'Locker' Serves as Iraq Tour De Force
By Ann Hornaday
Washington Post Staff Writer
Friday, July 10, 2009
"War is a drug," writes Christopher Hedges in the epigraph that precedes "The Hurt Locker." Someone else described war as "interminable boredom punctuated by moments of stark terror." Director Kathryn Bigelow comprehends both those observations and conveys them in this captivating, completely immersive action thriller. "The Hurt Locker" just happens to be set in Iraq in 2004, but, like the best films, transcends time and place , and in the process attains something universal and enduring. "The Hurt Locker" is about Iraq in the same way that "Paths of Glory" was about World War I or "Full Metal Jacket" was about Vietnam -- which is to say, utterly and not at all. "The Hurt Locker" is a great movie, period.
In the opening scene, a winsome little robot goes about its business in a dry and dusty place in an absorbing, nearly dialogue-free sequence of startling visual eloquence. But this isn't your toddler's "WALL E": The mechanized creature is a device used for ferreting out bombs, and when a wheel suddenly breaks, that means one of the 'bot's human counterparts must suit up, slowly approach a pile of rubble and either find a bunch of trash or risk losing his life to an improvised explosive device. For the next two hours, viewers are plunged into the dizzying, disorienting world of the soldiers who disarm what Americans have come to know as IEDs or roadside bombs, neither of which term does full justice to the carnage they inflict.
The men leading the audience through those tense, tautly orchestrated encounters are the soldiers of Bravo Company, which as "The Hurt Locker" begins, has 38 days to go in its rotation. Spec. Owen Eldridge (Brian Geraghty) is the bespectacled nice guy who, in a World War II movie, most likely would have hailed from a farm in Iowa. Anthony Mackie plays Spec. J.T. Sanborn, possessed of the somber, watchful demeanor of a professional quietly observing protocol, quite simply because observing protocol is the best way to stay alive. The group's leader -- and "The Hurt Locker's" charismatic, often confounding protagonist -- is Staff Sgt. William James, an adrenaline junkie and alpha dog played in an astonishing breakout performance by Jeremy Renner.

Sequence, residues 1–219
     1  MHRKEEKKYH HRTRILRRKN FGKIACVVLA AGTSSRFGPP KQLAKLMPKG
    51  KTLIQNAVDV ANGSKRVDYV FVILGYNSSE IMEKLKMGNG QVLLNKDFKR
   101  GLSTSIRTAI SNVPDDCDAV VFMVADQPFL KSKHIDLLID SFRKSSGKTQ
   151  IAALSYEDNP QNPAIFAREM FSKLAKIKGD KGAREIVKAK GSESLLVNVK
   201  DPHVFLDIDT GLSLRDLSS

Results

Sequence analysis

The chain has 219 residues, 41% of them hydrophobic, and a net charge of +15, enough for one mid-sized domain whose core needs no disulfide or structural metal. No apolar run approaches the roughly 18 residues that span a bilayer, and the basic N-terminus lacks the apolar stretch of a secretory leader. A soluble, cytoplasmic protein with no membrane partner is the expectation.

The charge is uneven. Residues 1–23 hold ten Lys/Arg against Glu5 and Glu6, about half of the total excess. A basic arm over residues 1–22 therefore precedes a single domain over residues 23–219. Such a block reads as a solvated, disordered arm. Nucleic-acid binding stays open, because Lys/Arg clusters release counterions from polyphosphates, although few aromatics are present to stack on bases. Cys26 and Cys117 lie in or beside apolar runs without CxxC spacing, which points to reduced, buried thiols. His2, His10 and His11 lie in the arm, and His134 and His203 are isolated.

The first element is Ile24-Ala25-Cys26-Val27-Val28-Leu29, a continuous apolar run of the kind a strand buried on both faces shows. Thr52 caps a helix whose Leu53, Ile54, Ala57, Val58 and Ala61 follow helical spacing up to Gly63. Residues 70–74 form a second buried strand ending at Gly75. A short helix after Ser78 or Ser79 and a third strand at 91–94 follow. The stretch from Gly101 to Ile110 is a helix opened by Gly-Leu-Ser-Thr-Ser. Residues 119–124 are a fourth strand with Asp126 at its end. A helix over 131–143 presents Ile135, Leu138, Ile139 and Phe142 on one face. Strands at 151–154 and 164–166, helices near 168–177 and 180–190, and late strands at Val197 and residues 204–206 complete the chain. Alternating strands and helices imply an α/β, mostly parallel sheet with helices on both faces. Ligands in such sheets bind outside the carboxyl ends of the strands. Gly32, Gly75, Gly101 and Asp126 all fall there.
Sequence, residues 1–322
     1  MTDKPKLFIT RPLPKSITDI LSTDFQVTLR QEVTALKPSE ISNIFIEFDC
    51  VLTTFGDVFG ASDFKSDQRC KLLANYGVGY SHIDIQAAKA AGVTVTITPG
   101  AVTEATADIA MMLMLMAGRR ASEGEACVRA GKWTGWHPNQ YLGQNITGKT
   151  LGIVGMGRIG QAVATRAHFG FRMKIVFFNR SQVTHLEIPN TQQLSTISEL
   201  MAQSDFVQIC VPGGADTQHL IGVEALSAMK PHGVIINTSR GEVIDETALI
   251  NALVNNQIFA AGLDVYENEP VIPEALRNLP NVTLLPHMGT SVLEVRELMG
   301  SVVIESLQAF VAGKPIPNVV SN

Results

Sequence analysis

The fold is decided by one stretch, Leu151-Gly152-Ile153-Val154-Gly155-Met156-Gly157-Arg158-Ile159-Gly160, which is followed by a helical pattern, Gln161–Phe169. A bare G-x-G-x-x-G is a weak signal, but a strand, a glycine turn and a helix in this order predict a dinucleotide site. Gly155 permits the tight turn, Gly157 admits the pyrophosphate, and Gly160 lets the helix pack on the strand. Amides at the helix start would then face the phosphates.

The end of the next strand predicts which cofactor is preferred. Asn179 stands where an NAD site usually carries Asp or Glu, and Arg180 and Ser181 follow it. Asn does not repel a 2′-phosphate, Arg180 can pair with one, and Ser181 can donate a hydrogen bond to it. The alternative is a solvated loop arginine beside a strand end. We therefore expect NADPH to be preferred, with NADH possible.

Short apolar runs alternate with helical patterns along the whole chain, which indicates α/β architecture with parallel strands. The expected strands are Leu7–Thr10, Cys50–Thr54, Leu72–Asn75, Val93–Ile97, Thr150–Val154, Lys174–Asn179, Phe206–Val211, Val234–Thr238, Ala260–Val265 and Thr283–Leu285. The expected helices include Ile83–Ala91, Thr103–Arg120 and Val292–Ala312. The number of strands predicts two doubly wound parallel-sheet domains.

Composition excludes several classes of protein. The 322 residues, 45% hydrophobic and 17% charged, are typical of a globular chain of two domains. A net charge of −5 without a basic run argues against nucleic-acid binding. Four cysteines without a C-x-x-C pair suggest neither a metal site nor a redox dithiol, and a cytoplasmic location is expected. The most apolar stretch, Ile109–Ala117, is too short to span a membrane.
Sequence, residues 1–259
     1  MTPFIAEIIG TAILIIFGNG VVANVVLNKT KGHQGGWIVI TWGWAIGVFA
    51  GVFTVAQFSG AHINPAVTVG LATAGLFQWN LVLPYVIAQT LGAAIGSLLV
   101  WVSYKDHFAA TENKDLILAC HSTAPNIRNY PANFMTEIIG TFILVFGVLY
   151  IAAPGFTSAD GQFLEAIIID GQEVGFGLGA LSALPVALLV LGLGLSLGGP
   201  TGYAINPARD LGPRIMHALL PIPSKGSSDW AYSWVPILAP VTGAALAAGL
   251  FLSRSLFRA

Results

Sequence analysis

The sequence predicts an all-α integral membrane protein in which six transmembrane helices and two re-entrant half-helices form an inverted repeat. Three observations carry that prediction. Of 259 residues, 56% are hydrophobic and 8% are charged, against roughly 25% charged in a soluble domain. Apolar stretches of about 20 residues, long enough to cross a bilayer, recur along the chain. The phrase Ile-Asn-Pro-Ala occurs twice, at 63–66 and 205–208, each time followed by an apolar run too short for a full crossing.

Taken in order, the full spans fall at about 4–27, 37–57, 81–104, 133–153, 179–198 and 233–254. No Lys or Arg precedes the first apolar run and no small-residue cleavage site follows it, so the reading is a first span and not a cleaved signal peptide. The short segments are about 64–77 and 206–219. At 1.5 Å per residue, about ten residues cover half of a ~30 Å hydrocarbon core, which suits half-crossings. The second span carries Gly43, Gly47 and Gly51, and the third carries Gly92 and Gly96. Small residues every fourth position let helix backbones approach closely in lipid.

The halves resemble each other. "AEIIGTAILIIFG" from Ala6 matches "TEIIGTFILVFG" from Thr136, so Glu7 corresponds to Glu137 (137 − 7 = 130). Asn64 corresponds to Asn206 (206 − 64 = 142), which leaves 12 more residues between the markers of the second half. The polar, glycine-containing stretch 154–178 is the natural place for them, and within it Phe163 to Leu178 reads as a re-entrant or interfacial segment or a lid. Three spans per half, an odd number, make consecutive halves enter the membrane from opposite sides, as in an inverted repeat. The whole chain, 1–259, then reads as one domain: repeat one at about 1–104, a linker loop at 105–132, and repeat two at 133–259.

"He's a rowdy boy," Eldridge says with a tinge of admiration after he watches James make his ostentatiously swaggering debut with Bravo Company. "He's reckless," says a studiously unimpressed Sanborn. Either way, James is an irresistible central character, a man who -- as brought to life by Renner with a tone-perfect combination of cocksure arrogance and baby-face guile -- is either captive to a pathological death wish or the embodiment of heroism at its most physically and mentally uncompromising. The dynamic between the three men -- as well as their uneasy relationships with Iraqi civilians -- heighten and heat up throughout "The Hurt Locker," which keeps its characters, and by extension the audience, on a jittery knife-edge between the chaos and control, bravado and breakdown and threat and promise that define the life of a soldier.